Judgment reserved in Mosito case
The respondents are the attorney General, Prime Minister, Judicial service Commission (JSC) and Law society of Lesotho.
The judge further notes in the affidavit: “On 21 august 2015, the Director of Public Prosecutions issued an indictment against me in respect of allegations of income tax violations in CR/T/0051/2015.
“I immediately prepared a constitutional motion challenging the said prosecution.
“On 28 august 2015, I received a notice of trial which required me to appear before the High Court of Lesotho on 31 august to answer the said charges.
“On 31 august 2015, I went to court as required by the indictment and at the same time, filed a constitutional motion to stay the criminal prosecution pending final determination of the constitutional case in court.”
Justice Mosito further indicates that on 8 October, the Government secretary handed him a letter written by Prime Minister Pakalitha Mosisili.
“It became clear that the 2nd respondent (Prime Minister) had proceeded by way of section 125(5) of the constitution, as an afterthought, after having learnt of the constitutional nature of my complaint,” he noted.
The letter, he noted, was asking him to show cause why the premier should not request the King to appoint a tribunal to inquire into the alleged tax transgression which formed the basis of both the constitutional and criminal case.
“This honourable court ultimately determined my constitutional challenge and dismissed my application.
“Being dissatisfied with the judgment, I noted an appeal to the Court of appeal and the appeal is due to be heard in april 2016.
“The judgement dismissing my applications was handed down on 15 December 2015 and I noted the appeal the following day with an application for stay of execution of that judgment pending appeal.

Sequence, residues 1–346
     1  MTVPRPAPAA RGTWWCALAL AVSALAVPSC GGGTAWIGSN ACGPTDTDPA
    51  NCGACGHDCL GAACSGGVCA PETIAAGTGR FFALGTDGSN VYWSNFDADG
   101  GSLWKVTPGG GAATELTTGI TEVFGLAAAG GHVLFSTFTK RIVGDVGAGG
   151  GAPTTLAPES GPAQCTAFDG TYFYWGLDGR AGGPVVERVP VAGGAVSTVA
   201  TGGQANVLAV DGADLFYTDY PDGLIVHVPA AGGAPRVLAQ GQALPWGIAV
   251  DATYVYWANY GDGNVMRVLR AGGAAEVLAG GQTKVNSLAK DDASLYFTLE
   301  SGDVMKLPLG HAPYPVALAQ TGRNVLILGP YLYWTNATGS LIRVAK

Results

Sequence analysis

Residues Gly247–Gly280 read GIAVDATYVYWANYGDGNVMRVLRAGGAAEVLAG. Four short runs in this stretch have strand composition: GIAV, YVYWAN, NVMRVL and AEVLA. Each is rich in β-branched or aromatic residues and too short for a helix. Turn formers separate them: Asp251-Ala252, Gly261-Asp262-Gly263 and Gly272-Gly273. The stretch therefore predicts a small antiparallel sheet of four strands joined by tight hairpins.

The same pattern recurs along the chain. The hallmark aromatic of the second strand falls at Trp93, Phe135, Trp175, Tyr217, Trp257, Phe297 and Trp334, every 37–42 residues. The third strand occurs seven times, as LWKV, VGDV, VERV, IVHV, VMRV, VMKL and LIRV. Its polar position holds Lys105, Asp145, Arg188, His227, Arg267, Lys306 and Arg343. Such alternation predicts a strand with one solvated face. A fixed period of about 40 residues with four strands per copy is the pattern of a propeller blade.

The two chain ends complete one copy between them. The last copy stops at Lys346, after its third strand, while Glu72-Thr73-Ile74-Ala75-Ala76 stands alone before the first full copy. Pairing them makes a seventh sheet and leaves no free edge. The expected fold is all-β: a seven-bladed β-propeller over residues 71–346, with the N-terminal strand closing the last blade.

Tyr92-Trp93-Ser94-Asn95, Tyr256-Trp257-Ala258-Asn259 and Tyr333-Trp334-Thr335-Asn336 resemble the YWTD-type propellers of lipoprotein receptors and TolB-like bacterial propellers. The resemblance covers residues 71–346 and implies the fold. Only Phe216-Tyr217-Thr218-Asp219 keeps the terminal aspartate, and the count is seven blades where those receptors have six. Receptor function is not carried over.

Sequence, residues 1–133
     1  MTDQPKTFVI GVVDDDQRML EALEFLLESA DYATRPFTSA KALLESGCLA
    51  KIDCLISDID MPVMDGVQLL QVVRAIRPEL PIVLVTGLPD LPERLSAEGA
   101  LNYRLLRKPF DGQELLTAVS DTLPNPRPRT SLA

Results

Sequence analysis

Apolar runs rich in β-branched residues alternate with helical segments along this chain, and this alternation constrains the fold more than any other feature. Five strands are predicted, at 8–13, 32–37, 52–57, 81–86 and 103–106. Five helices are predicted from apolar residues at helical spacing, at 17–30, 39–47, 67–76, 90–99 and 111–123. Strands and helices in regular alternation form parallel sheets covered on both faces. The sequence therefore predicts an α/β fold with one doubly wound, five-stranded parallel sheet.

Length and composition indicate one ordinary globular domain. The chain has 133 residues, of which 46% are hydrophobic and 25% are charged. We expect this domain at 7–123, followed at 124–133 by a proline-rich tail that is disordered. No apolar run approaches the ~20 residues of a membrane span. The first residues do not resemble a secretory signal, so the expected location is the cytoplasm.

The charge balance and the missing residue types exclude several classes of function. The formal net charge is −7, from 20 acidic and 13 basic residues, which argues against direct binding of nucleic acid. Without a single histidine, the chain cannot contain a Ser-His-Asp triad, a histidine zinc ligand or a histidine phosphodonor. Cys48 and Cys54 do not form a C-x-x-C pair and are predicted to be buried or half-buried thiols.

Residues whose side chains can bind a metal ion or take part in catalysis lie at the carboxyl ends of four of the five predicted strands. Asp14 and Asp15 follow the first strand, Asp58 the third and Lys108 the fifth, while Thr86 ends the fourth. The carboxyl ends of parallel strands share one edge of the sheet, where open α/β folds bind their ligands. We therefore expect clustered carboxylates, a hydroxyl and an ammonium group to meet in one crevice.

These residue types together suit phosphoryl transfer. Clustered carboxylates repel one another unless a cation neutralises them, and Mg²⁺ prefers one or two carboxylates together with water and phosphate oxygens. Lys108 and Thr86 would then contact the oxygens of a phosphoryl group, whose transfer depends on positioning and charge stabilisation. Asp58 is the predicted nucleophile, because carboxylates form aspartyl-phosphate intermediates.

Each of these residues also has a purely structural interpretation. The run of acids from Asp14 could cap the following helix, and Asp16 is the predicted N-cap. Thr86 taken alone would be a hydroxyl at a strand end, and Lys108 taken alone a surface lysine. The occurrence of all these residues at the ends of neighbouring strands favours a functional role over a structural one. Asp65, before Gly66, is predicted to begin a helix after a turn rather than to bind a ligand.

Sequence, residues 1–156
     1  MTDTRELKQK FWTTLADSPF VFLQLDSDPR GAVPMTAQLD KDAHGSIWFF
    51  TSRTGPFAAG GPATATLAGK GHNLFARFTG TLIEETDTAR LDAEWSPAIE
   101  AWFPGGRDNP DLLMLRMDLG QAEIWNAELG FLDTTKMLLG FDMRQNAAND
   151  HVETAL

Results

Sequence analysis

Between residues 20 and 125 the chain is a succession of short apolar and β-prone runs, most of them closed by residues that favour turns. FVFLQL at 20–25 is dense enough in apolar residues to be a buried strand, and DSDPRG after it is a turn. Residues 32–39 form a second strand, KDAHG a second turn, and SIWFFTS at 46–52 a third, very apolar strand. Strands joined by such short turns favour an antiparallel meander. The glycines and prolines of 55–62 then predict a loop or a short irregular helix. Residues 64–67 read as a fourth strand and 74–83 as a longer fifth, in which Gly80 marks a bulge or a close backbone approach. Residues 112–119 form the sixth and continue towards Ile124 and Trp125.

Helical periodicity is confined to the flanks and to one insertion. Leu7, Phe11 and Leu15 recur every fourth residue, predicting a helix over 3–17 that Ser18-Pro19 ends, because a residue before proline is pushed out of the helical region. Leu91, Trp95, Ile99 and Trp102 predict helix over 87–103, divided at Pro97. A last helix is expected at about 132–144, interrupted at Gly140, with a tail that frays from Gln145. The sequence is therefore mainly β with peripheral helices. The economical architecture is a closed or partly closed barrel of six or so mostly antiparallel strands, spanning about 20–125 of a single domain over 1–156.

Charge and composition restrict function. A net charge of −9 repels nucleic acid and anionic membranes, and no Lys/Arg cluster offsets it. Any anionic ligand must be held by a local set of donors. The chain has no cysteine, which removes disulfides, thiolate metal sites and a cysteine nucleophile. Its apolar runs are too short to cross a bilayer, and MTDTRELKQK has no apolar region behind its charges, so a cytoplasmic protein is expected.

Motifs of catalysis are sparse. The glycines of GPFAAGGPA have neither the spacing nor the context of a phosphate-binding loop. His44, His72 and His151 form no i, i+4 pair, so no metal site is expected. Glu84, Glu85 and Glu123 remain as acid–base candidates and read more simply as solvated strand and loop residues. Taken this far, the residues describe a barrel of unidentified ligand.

“The application for stay was heard and granted with costs by the Court of appeal on 26 January 2016,” he noted.
Justice Mosito further said the Court of appeal stayed the criminal proceedings until the first day of the Court of Appeal term in april this year.
“The court, however, left open the issue of the possibility of impeachment being proceeded with in respect of the 2nd impeachment, ground on which the 2nd respondent contemplated to impeach me on the basis of
averments I had made in affidavits in the proceedings before this court,” he said.
Justice Mosito also notes how he believes the constitution should be interpreted regarding the removal of judges.
“The need for the determination of this issue before hand is occasioned by the fact that unlike in other jurisdictions, there is no provision in either the constitution of Lesotho, acts of Parliament or subordinate legislation on what constitutes an impeachable offence as well as the nature of offences that should properly be considered impeachable in respect of the superior court judges,” he indicated.
according to Justice Mosito, judges should be suspended or removed from office “only for reasons of incapacity or misbehaviour that clearly renders them unfit to discharge their duties and which conduct or omission are so gross and inexcusable and that also bring the judiciary into disrepute.”